The King’s Mate is book 1 of the Sam’s Café Romances. It’s a story about finding love after loss and centers around Russell Pine. The owner of the local café he frequents is his best friend and he gets roped into participating in a chess tournament as a master opponent of sorts. Russ’s partner was a chess grandmaster, and playing the game is a painful reminder of that loss. As a romance, of course, there’s a happy ending and a path to happiness with a mystery suitor. It’s a fun but angsty story. It’s also a second edition, which gave me a chance to both expand the story (it’s about 11,000 words longer) and to address some concerns I heard in the original reviews. It was my first published gay romance story, and I like to think I’ve learned a lot since then.
The Rodeo Knight is book 3 of the Sam’s Café Romances. The first three books are collectively called The Chess Master Chronicles – there’s a print edition of all three novellas under that title – and they focus on Russ and the loss of his partner Brian. Russ as the chess master, Brian as the grandmaster. When Brian returns, he’s left with his own sense of loss as he realizes that Russ has moved on and found his happiness elsewhere.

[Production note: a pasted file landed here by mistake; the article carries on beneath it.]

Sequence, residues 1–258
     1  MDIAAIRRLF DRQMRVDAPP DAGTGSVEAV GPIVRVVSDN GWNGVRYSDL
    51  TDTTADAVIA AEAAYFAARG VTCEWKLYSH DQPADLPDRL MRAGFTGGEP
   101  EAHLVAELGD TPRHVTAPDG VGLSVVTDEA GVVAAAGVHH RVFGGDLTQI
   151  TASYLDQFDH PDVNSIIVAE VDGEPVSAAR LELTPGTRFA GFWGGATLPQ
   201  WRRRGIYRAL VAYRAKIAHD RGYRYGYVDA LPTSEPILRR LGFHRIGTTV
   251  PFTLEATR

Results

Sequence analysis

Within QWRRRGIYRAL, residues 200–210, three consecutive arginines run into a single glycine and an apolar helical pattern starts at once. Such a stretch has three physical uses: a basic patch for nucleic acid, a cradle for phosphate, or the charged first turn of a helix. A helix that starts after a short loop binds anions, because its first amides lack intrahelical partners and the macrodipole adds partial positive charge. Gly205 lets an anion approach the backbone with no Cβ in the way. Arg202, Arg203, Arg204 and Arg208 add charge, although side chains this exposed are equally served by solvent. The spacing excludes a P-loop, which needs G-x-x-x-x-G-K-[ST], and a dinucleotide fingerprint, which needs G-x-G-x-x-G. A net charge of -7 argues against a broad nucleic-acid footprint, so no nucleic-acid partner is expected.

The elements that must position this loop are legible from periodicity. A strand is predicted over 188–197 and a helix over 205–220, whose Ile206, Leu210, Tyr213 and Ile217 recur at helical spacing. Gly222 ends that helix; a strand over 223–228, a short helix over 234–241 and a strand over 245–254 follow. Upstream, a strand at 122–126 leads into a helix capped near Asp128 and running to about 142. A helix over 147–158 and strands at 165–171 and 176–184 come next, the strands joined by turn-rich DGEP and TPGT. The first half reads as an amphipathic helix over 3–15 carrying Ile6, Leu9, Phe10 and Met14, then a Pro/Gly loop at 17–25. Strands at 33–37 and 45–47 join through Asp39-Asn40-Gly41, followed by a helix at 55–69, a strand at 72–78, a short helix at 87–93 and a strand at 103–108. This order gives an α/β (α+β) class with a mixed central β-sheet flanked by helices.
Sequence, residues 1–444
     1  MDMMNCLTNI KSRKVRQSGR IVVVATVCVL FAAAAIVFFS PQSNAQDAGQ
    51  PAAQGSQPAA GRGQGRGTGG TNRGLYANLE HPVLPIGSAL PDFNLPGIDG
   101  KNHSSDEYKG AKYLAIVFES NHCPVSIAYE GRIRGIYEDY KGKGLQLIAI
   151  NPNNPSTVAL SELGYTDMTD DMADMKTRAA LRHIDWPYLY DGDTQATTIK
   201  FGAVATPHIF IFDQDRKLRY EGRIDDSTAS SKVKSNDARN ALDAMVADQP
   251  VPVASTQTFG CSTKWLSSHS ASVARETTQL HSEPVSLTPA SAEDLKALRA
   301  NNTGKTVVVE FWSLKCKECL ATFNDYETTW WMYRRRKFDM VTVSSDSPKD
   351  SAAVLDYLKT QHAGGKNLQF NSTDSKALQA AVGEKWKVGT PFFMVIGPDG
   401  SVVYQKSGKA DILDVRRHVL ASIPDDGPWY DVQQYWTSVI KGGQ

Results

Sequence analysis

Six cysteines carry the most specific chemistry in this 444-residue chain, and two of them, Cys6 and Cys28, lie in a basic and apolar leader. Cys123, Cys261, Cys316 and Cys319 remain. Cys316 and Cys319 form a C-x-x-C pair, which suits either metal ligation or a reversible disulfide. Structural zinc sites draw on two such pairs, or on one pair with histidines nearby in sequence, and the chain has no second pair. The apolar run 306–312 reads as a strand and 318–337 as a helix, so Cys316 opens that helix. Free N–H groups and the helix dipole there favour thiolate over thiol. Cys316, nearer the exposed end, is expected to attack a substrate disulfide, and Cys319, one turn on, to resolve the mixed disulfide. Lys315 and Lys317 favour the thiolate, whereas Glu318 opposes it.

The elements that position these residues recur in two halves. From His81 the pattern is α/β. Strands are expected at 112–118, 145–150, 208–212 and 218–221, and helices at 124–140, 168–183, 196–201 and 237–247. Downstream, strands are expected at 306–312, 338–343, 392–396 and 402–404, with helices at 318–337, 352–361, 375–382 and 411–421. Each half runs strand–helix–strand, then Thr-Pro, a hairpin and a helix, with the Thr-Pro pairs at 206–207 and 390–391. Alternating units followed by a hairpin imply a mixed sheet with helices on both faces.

Please tell us more about our main characters.
Russell is a business man. He’s been going to the same café for over twenty years, and over that time has become friends with the owner, Sam. He’s in his mid-thirties and struggling with the fact that being gay is something that favors the young. The tournament represents something of a wakeup call. Opportunity to move on is knocking, but is he going to take it?
As for Brian in The Rodeo Knight, he’s a grandmaster. He’s strategic, and his approach shows that. But he’s also suffering from amnesia. Coming back to town, visiting the café – those were his chance at remembering, at reclaiming a life that was stolen from him. When he woke up with amnesia, his parents decided that was their chance to erase the gay from their son. Brian’s always known something was wrong, and the story starts with his brother Brandon, a family member who wasn’t in on the deception, breaking through their lies.
What do you want to tell those who may be new to the series (if applicable)?